I used to chase after birds with a parabolic reflector, trying to get the closest and cleanest recordings possible. The idea was to to “slice the bird out of its environment,” so that only one singer would be heard in the recording, with minimal reverberation. I lost interest in this rather sterile approach a number of years ago, even though such recordings have their place in identification guides and are clearly useful for scientific analysis. Now I primarily record soundscapes which include the sounds of a variety of species, usually with no one individual dominating a recording. Nonetheless, I still have an interest in gathering nice “species portraits,” recordings that emphasize the sounds made by an individual bird, but that include a spacious soundscape backdrop.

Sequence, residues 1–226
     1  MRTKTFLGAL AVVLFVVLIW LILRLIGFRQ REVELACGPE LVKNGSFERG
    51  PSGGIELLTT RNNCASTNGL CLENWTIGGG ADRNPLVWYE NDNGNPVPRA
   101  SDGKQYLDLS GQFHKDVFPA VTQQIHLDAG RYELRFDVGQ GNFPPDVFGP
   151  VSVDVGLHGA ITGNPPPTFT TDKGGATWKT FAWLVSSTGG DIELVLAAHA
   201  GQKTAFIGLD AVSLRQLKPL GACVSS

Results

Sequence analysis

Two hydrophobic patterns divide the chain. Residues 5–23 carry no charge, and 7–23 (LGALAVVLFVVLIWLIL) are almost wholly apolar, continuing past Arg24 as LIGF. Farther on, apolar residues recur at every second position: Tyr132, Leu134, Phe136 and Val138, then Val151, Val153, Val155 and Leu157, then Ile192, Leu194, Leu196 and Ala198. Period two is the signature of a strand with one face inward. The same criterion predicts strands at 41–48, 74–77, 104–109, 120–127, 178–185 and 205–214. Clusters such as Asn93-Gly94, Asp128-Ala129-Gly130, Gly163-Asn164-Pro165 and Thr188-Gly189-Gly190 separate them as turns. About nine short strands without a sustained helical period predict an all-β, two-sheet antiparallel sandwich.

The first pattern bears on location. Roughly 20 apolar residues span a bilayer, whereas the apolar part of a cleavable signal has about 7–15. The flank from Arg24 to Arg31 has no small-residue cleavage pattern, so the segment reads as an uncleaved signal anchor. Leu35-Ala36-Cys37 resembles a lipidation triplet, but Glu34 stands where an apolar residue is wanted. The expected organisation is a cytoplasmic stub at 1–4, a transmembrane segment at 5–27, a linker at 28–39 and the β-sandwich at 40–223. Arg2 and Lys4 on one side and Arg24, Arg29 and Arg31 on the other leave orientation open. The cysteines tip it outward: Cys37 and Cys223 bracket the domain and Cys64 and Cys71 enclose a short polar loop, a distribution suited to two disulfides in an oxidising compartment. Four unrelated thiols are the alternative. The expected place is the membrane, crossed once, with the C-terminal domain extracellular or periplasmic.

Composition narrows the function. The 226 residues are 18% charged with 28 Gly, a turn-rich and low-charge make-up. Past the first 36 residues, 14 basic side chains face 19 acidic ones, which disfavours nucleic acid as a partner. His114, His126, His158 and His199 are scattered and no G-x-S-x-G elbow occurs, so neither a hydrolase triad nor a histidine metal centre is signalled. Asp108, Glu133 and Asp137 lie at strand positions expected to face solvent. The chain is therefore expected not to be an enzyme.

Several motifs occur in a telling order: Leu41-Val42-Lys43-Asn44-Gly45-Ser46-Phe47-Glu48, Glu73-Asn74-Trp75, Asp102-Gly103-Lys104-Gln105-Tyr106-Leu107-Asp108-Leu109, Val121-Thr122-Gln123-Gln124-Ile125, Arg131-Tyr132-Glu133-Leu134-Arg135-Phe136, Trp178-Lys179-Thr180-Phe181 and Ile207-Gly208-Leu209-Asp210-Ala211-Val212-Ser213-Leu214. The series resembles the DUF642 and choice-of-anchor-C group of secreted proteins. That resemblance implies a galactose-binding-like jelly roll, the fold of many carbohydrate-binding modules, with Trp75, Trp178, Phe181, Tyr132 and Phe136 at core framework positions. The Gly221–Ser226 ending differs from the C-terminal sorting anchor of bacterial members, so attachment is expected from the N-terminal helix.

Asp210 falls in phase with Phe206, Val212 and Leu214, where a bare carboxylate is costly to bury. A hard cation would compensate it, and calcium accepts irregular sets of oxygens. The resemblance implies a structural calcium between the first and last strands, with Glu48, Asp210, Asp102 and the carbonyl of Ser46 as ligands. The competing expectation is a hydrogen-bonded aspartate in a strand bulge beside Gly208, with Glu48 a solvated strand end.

For example, consider the following recording of an American Robin singing excitedly at dawn, which I made in 1995 (back in the early days!) in the Adirondack Mountains of upper New York State. I find it pleasing in most respects. It emphasizes the robin, but there are plenty of other sounds spread across a wide soundscape. Listen especially for the whistles of White-throated Sparrows, the two-parted high-pitched songs of a Nashville Warbler, and lots of Mink Frogs giving their tapping calls from a nearby wetland:
American Robin dawn song, with White-throated Sparrow and Mink Frogs. Dawn, 15 June 1995. Recorded by Lang Elliott.
Do you like it? As far as “species portraits” go, I think this one rates fairly high. The robin’s song doesn’t rattle the ear (like most closeup robin recordings do), yet it stands out clearly against the busy background. I’m biased for sure, but I can’t help but crow a bit about this species portrait.